Tomato plant extract (Lycopersicon esculentum) obtained from agroindustrial byproducts and its antifungal activity against Fusarium spp.

Luis M. Isidro-Requejo, Enrique Márquez-Ríos, Carmen L. Del Toro-Sánchez, Saúl Ruiz-Cruz, Daniel Valero-Garrido, Guadalupe M. Suárez-Jiménez*

*Corresponding author for this work

Research output: Contribution to journalArticlepeer-review


Phytopathogenic fungi are a constant danger in the production of different crops around the world, especially in melons, since they can cause significant economic losses during the harvest, affecting the quality and shelf life. In recent years, producers have increasingly used chemical pesticides indiscriminately, causing environmental problems and damage to public health. For this reason, phytopathogenic fungi become more resistant. However, it is essential to guarantee the safety, quality, and shelf life of food after harvest, during transportation, storage and marketing. The presence of fungi in food can cause diseases transmitted through the production of toxins. Most producers depend on the discriminated use of chemical pesticides, which is a great challenge to guarantee food safety and sustainable agricultural production. To solve this problem, some extracts derived from tomato plants after harvest containing bioactive compounds have been implemented. These compounds can be natural antifungal agents as they contain phenols, flavonoids, and vitamins. Bioactive compounds emerge as a sustainable and safe opportunity in the search for new antifungal and antimicrobial agents. Therefore, the objective of this study was to determine the in vitro antifungal activity of whole tomato plant extracts on three phytopathogenic fungi. The research findings indicated that a concentration of 74.7 μg/mL of TPE resulted in a complete inhibition of mycelial growth in Fusarium oxysporum, Fusarium graminearum, and Fusarium verticillioides. Additionally, TPE exhibited both fungistatic and fungicidal effects on these Fusarium species, with a MIC50 of 30.7, 31.5, and 29.5, and a MFC of 82.4, 78.6, and 75.8 μg/mL, respectively. As a result, this study suggests that TPE can be considered as an environmentally friendly solution for extracting tomato plants, which can be applied to the surface of whole fruits or incorporated into semi-processed foods.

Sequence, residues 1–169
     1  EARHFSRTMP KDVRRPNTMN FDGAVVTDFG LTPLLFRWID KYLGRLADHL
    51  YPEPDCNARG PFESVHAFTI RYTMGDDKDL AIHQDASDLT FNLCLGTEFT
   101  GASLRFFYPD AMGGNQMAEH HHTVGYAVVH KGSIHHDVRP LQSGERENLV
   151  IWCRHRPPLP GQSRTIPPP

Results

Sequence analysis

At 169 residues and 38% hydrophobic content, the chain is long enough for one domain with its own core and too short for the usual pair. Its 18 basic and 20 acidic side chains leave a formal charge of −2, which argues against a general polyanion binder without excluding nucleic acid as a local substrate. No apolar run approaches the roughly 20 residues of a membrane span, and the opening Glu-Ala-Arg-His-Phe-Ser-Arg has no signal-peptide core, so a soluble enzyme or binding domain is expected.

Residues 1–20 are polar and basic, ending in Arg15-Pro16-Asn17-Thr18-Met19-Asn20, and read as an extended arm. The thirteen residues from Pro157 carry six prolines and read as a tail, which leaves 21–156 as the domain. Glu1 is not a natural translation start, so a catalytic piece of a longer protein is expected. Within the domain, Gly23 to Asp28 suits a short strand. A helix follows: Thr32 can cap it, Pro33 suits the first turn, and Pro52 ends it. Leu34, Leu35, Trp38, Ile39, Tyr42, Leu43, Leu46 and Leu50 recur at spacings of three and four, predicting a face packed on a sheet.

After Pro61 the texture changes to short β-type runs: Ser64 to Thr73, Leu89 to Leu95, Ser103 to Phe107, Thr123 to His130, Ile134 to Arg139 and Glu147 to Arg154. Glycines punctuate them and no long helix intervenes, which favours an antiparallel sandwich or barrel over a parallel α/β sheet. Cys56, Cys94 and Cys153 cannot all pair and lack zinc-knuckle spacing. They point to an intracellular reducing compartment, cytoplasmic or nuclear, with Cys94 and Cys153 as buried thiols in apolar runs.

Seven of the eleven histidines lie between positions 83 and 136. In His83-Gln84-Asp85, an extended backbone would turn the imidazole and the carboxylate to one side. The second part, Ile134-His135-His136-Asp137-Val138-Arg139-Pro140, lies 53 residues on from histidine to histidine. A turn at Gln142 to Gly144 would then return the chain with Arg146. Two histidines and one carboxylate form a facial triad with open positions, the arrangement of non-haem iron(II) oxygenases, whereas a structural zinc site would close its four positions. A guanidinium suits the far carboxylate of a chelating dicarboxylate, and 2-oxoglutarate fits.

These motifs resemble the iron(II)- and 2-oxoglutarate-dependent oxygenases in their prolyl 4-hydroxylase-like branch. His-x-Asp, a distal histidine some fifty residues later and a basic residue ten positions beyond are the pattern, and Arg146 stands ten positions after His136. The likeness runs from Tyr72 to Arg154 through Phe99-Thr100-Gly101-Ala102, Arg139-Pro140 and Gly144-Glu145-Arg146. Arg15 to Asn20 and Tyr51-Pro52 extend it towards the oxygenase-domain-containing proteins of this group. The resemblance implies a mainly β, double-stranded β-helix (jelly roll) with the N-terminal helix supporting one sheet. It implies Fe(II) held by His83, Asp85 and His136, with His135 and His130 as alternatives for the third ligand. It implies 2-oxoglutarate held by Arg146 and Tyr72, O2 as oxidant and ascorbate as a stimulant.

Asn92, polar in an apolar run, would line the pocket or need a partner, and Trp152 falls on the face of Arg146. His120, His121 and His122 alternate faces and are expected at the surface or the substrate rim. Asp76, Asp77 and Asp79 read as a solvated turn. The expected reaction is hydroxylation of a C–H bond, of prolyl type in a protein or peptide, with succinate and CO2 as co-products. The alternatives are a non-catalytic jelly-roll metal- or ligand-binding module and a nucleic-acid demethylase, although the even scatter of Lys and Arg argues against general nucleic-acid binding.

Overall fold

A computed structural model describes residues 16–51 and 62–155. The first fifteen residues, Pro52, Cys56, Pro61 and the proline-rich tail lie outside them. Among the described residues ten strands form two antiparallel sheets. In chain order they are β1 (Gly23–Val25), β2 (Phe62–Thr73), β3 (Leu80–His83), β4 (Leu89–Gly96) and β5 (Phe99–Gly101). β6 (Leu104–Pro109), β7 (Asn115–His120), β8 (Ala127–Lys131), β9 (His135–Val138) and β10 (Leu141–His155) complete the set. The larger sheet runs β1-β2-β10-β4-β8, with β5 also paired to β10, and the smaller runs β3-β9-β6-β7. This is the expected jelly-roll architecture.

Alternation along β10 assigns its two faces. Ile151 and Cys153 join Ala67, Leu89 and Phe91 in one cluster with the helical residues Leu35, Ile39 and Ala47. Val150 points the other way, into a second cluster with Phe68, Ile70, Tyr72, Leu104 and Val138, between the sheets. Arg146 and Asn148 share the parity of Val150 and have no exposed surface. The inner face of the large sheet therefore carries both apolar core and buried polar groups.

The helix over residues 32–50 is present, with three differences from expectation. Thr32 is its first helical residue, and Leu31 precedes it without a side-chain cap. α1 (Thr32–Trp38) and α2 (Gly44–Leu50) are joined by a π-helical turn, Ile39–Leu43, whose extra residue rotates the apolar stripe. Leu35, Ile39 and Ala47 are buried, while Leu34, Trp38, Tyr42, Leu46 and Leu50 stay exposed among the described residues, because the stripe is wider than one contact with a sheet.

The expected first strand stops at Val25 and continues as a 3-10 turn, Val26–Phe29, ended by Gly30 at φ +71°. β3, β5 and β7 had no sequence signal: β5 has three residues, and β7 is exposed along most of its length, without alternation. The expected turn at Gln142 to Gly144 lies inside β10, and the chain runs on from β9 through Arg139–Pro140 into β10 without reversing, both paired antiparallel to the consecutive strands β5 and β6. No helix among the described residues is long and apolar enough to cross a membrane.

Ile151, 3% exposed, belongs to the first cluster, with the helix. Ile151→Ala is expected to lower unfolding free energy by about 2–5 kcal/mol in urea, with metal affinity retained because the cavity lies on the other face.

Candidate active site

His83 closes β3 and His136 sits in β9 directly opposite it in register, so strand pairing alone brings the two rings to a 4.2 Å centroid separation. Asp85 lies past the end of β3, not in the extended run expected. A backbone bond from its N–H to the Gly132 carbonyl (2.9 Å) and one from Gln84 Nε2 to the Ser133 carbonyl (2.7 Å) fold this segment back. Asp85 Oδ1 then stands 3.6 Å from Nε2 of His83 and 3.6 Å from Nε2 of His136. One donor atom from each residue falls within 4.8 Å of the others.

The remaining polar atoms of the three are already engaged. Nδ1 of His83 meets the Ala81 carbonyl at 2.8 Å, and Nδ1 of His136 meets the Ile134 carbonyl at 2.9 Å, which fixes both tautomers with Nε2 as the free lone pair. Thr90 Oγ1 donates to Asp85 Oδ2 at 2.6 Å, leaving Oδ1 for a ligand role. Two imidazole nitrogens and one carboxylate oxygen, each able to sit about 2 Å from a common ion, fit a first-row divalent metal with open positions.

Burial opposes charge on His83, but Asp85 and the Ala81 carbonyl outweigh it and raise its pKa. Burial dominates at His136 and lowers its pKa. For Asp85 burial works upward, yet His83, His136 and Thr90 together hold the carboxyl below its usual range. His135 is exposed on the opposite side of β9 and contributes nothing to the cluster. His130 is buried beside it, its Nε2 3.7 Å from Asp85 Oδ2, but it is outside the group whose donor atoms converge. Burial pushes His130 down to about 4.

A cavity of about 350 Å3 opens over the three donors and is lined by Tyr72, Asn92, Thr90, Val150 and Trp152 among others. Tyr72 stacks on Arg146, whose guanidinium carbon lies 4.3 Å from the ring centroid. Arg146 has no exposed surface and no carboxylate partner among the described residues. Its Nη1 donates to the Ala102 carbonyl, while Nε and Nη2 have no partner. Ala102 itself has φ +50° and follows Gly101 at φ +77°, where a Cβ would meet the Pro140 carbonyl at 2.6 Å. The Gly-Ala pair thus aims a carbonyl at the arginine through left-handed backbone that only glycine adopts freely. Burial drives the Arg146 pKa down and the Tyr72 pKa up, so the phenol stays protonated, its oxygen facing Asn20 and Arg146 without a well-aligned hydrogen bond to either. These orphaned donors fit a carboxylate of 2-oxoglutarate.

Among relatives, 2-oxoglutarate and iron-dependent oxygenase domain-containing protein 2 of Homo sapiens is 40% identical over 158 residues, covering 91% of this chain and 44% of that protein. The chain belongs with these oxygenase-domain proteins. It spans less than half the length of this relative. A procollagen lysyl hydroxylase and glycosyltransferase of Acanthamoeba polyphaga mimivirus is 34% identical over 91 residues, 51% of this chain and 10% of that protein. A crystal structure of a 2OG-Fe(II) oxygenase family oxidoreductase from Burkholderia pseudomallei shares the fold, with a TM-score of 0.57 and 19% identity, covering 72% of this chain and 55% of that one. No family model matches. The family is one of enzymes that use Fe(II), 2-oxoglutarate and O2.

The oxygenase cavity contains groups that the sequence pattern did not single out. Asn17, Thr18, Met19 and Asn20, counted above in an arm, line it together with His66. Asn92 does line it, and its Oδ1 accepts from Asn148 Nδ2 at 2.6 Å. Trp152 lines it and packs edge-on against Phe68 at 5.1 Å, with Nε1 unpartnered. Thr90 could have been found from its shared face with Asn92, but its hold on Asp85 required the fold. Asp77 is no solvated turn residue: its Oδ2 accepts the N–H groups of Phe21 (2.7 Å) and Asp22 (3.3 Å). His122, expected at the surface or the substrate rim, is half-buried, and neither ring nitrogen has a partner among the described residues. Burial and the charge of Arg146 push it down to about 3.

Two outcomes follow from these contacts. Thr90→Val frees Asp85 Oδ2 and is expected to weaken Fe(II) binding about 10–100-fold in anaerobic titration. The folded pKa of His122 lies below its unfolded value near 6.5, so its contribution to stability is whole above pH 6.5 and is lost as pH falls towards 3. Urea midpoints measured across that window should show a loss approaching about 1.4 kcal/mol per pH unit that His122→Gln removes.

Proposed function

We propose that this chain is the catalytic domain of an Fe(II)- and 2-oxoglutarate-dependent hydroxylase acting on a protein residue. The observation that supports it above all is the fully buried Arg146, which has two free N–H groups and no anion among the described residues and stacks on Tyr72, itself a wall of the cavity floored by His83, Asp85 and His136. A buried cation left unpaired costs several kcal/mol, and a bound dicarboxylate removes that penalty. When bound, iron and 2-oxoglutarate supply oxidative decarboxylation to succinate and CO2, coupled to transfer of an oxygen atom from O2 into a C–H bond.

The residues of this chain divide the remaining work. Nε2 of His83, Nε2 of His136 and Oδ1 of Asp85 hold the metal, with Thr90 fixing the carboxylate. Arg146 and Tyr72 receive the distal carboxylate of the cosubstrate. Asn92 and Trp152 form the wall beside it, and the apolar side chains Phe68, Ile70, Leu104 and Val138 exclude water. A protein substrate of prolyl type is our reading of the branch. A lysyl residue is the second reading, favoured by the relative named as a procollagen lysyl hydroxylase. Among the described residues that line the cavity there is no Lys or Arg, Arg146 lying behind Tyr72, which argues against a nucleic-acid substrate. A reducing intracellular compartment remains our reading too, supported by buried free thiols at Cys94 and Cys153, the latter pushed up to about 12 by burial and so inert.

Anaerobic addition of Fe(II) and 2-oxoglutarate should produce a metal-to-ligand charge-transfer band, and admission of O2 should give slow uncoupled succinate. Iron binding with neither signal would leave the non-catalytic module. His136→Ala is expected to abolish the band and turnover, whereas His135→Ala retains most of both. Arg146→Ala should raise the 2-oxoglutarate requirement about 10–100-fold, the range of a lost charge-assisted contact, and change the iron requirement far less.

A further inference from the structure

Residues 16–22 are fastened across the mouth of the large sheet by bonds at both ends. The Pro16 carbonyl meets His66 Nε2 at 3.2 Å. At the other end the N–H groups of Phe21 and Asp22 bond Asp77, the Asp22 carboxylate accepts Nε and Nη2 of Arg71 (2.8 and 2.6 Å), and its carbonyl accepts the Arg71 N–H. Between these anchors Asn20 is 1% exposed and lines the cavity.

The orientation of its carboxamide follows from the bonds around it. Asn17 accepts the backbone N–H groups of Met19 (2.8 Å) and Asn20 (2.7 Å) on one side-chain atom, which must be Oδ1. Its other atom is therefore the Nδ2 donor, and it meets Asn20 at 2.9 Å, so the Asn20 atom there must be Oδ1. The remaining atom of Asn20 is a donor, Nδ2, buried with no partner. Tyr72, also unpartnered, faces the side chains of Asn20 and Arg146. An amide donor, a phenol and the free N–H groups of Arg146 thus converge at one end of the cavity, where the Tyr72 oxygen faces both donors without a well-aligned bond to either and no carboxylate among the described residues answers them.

Original languageEnglish
Article number1323489
JournalFrontiers in Sustainable Food Systems
StatePublished - 2023

Bibliographical note

Publisher Copyright:
Copyright © 2023 Isidro-Requejo, Márquez-Ríos, Del Toro-Sánchez, Ruiz-Cruz, Valero-Garrido and Suárez-Jiménez.


  • Fusarium
  • agroindustrial byproducts
  • antifungal activity
  • antioxidant
  • tomato plant


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